Cass said, "Of course it is, right now. But they"ve come from nothing, to this" - she gestured at the highway around them - "in just six hundred years. Give them another near-side month or two, and they"ll definitely be the ones leading the way."
They returned to the place Mariama had named Museum City. The tar pit would take time to stabilize, and until the Planck worms had either been trapped and killed, or failed to show up entirely, it would not be safe to try to drill through the mess and make contact with the border.
It had been less than a millisecond since the Sarumpaet had begun its flight. Tchicaya enjoyed imagining his own startled near-side version hearing the news that the Planck worms had been defeated, before he"d even had time to grow anxious about the fate of the mission. He"d made no firm plans for reversing his bifurcation, since he"d never really expected to return, but the less-traveled Tchicaya would probably be willing to be subsumed. If not, he only hoped that their continued separation would be justified, and they didn"t merely dog each other"s footsteps. If they both tried to meet up with Rasmah it would be awkward, though Tchicaya had little doubt which one of them she"d choose.
Cass gave Mariama xennobe language lessons. Tchicaya sat in on them, but he found them heavy going. Mariama made her own copy of the vendek-based communications software and began converting it into something a Mediator could work with, but filling in the gaps and formalizing the structures of the language was a huge task.
Tchicaya had expanded the Sarumpaet's scape, building rooms beyond the observation deck, giving all three passengers privacy. He began sleeping more, eight or ten hours in every ship-day.
Mostly, he dreamed that he was back on the Rindler. It was strange to feel pangs of nostalgia, not for solid ground and blue skies, but for stars and borderlight.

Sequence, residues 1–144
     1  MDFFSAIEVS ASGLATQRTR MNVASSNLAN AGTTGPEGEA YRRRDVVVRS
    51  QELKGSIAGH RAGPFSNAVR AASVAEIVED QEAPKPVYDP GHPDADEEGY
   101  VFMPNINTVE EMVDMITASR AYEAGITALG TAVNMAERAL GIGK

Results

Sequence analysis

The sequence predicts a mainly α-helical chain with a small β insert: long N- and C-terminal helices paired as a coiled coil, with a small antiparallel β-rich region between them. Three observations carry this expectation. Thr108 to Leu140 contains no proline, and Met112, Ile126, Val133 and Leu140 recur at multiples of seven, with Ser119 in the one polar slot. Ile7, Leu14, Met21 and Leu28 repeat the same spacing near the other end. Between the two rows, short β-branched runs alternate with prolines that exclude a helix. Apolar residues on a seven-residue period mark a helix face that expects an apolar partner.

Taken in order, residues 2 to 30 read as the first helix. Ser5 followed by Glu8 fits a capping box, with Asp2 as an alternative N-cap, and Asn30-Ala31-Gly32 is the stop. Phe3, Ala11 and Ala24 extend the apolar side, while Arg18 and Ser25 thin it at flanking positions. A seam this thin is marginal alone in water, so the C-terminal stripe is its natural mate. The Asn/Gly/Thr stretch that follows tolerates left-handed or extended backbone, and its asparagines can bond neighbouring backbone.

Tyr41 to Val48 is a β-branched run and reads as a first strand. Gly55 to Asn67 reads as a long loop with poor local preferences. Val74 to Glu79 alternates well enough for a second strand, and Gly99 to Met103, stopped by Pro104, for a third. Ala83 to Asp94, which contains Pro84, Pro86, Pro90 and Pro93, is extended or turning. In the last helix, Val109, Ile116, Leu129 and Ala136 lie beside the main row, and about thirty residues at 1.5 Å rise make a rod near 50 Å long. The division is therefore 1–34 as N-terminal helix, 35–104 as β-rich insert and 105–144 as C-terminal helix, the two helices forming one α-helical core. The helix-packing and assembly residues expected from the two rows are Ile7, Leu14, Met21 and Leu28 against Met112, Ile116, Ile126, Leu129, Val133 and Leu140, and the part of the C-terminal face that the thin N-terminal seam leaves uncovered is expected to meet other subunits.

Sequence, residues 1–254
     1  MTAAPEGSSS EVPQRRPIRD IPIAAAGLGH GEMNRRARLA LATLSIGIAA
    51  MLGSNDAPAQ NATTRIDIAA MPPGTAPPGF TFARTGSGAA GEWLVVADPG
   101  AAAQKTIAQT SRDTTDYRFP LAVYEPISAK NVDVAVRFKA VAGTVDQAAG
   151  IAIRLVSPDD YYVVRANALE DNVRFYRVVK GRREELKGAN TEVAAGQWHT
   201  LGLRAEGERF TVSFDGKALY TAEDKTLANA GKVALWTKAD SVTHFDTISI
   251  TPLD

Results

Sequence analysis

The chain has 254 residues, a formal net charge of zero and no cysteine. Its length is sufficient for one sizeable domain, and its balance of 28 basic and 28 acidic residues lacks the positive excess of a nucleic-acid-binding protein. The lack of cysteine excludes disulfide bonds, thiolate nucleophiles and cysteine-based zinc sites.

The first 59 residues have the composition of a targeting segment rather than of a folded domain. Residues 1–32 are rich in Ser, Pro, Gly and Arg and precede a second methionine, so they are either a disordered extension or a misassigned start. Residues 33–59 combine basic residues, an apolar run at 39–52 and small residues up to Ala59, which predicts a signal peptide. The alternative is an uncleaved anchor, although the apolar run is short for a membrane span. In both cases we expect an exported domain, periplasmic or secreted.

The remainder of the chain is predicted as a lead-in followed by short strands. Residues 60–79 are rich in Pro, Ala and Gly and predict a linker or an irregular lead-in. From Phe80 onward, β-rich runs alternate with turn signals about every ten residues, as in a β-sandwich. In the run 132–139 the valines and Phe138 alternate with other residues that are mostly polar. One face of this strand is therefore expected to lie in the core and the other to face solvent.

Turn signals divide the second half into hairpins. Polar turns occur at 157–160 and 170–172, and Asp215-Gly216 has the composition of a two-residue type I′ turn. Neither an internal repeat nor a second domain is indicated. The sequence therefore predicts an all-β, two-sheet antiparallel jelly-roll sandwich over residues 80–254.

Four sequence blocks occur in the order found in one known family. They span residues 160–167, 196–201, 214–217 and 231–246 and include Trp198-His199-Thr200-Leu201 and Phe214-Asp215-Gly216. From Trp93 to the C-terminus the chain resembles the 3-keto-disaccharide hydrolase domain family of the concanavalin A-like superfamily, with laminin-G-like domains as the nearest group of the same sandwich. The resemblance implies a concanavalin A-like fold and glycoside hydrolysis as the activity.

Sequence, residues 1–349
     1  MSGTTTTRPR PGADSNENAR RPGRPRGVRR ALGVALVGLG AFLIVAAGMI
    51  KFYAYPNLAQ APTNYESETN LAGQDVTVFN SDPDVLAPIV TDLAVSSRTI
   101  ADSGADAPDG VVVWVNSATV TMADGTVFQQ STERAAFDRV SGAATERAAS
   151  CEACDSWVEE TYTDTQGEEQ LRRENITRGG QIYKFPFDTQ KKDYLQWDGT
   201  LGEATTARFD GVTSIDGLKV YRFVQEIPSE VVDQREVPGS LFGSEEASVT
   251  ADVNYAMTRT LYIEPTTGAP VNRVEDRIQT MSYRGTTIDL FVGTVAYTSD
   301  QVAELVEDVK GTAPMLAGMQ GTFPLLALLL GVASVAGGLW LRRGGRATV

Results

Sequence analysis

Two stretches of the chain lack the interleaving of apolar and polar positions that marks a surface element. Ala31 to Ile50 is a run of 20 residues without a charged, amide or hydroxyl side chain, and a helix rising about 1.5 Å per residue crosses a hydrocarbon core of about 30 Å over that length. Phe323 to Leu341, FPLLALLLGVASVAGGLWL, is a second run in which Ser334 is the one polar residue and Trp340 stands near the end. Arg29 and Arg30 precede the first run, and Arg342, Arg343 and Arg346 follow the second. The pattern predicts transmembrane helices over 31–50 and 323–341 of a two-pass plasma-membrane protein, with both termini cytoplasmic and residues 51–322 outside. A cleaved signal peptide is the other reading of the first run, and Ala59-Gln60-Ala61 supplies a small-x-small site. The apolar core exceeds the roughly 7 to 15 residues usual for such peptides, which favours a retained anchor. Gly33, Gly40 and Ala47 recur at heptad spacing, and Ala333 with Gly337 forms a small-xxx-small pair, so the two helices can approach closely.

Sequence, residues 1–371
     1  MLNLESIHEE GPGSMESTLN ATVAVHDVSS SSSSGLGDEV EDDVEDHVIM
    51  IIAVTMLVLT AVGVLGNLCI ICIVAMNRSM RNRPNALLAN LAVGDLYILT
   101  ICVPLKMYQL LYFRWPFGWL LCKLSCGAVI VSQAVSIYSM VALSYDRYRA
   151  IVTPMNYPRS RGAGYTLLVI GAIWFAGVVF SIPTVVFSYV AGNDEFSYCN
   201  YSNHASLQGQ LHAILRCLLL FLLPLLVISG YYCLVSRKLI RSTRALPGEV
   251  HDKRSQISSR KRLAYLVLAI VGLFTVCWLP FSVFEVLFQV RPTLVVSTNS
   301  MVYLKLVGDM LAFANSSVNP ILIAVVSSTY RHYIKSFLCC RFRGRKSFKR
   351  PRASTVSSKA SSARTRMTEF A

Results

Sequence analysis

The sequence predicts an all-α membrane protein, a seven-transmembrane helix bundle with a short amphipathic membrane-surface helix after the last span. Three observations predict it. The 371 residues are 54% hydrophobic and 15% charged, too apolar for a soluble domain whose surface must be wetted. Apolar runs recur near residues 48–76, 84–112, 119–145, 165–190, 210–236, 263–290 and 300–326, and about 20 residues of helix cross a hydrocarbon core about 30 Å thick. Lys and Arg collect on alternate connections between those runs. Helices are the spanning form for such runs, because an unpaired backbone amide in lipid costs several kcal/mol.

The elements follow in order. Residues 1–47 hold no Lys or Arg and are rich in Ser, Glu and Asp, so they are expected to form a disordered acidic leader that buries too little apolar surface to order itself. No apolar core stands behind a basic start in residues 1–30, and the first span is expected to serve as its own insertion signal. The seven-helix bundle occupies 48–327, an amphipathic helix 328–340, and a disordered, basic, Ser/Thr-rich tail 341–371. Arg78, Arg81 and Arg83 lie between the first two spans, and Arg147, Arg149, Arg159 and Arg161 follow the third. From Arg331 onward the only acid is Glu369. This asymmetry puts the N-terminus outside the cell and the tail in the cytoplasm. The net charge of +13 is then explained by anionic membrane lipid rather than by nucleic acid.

The Colonists were intensely curious about the aliens, and eager to explain their own world to them. They dragged the Sarumpaet from group to group, place to place; if Cass had let them, they probably would have taken her on a tour of every city in their realm, talking to her nonstop all the way. In near-side terms, their history only stretched back about a year, and they had only explored a few thousand cubic kilometers of the far side, but by any local measure their civilization was orders of magnitude vaster than all of inhabited space. And they were far from alone: they"d had direct contact with twelve other sentient species, and they had secondhand knowledge of hundreds more.
Tchicaya listened to Cass"s translations, and marveled at the things they were learning, but he could see how weary she was becoming, and he felt both a protective sympathy for her, and a lesser, parallel exhaustion of his own. He had dived into the far side unprepared, and whether or not he eventually made it his home, he needed to come up for air.
On their fifty-third night in the city, Mariama woke him, standing by his bed, shaking him by the arm. He squinted at her and willed the scape to grow brighter.
"It"s about Cass."
He nodded. "She has to get out soon. The minute the tar pit"s safe to traverse, we need to start drilling."
Mariama sat on the bed beside him. "She"s started talking to me about staying on. Seeing out her original project, in some form or other: freezing the border, pushing away the far side. Whatever can be done to stop the evacuations."